If I had a dime for every time someone has asked me, “So, what do you in the winter on the golf course?” well, I’d have a lot of dimes. And the question is usually asked with a hint of wonderment, as though it’s utterly crazy to think people actually worked on golf courses in the winter.

Of course, the answer to this question will vary greatly depending on your geographic location. Winter just might be your busiest time of the year (a la Florida). Or, perhaps nearly as busy as summer (a la tranisition zone). Or, you could be snow-covered and closed (Minne-snow-ta). Or, like we are here in western Washington, you’re mostly open but subject to occasional closures due to snow and a heck of a lot of rain.

But wherever you are, it’s a question you’re likely to get asked.

I’ve had the opportunity to work on a course in Florida, a few in Minnesota, and a couple here in western Washington. Safe to say these are three very different winter experiences.

In Florida we were hopping busy in the winter; in fact, we had a Senior PGA event in November. In Minnesota, we were completely closed for several months, usually from early to mid-November (whenever that white stuff started to fall) to mid-March. Or, if winter hung on a bit, closed until early April. And here in western Washington, well, it’s kind of a mixture of the other two. Open, for the most part, but some snow here and there closing us for periods, and lots of rain, which, although it doesn’t close us down, makes golfer sightings pretty rare.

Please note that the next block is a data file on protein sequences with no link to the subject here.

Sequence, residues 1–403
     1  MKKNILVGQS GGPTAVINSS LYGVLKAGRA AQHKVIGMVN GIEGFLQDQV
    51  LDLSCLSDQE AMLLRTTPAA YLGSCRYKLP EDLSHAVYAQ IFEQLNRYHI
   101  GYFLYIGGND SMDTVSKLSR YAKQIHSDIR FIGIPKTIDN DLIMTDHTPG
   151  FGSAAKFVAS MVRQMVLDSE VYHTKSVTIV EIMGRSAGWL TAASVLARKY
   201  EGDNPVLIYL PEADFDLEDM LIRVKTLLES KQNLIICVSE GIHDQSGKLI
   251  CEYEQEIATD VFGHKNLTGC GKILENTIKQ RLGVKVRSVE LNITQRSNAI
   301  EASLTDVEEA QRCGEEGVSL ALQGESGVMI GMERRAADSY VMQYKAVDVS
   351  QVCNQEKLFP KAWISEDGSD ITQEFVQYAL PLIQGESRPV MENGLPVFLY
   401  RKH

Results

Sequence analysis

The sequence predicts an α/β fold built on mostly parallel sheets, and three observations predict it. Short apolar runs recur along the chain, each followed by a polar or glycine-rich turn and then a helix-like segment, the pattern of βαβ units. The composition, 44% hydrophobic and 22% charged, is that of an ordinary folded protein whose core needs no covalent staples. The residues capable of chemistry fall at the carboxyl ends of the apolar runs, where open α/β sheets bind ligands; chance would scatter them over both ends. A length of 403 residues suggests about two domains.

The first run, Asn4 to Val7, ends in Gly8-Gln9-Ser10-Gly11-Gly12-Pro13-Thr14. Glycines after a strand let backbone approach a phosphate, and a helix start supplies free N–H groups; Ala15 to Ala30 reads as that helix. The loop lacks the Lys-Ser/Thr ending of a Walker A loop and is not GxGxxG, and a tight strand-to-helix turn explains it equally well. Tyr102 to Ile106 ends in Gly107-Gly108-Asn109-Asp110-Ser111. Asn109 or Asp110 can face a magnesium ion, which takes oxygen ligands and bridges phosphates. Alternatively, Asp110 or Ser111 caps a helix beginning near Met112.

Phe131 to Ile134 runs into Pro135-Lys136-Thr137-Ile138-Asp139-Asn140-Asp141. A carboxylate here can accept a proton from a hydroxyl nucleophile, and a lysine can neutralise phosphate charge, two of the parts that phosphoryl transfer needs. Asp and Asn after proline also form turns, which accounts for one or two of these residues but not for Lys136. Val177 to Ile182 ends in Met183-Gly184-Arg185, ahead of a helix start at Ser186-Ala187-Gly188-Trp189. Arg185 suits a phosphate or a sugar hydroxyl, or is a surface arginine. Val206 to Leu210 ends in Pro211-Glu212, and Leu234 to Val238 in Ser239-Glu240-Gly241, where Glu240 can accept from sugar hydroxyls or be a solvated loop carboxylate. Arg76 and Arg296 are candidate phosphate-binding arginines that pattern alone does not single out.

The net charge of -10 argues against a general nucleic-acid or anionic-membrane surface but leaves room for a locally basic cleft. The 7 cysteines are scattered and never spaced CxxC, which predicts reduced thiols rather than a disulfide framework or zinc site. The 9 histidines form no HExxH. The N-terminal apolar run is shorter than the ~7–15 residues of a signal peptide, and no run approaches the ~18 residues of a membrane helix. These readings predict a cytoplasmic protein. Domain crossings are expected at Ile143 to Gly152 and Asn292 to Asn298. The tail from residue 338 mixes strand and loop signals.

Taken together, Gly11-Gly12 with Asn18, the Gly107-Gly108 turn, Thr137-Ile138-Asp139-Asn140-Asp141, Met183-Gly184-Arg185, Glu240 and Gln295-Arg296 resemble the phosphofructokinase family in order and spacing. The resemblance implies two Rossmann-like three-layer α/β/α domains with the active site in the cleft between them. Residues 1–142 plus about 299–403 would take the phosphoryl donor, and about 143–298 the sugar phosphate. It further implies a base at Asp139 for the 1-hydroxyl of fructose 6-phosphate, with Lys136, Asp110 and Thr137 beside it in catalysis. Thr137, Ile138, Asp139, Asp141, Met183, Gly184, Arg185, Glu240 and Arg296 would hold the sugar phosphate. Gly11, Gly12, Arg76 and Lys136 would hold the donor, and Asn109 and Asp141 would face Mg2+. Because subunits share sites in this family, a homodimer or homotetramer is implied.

For the sake of addressing this “What do you do in the winter?” question here, I’ll answer it using a western Washington winter, as I’ve been here for 20 years and my memories of snowy upper Midwest winters and sunny Florida winters are beginning to fade. Just a bit.

If you’re at a course that is open throughout the winter but play is extremely low due to cold, rain or occasional snow, winters can be a challenging time to maintain a golf course. The main reason for this is unpredictability. I staff way down in the winter months, which is basically November through February. Our golf course is staffed up to about 16 to 18 in the summer, but down to five or six in the winter, which is counting myself, my assistant and the equipment technician.

This is fine when it’s raining or snowing, but often the sun will pop out for several days, the temps will climb into the 50s, and the course once again becomes a beacon on the hill. Golfers shake off the rust and flock to the course. Trying to maintain a 27-hole course with just a few crew members can be challenging, to say the least. This is where that “unpredictability” comes in. You just never know what you’re going to get weather-wise.

The best way to try and maintain a golf course in this type of situation is to rely on history – rainfall, snowfall and temperature averages in the past. But these are only guesses, and climate change is starting to play a part here. Still, budget-wise, it’s hard to staff up for winter play when winter play most likely won’t come, and if it does it’s going to be temporary. What I’ve found works best is to maintain a bare-bones staff, but let golfers know what to expect. Winter conditions won’t be the same as in-season golf. And, for the most part, they aren’t expecting it to be. Golfers are just happy to be swinging the clubs in January. They don’t need freshly cut fairways or greens stimping at 10.5.

So, the best way I answer the winter question is to say we maintain the course minimally, open after frost delays, service equipment, take down dangerous trees here and there, plant some new trees and, occasionally, when winter gets confused and thinks it’s summer, three or four of us do the work of 15 or 16.

That’s how I answer. What about you? What do you on the golf course in the winter?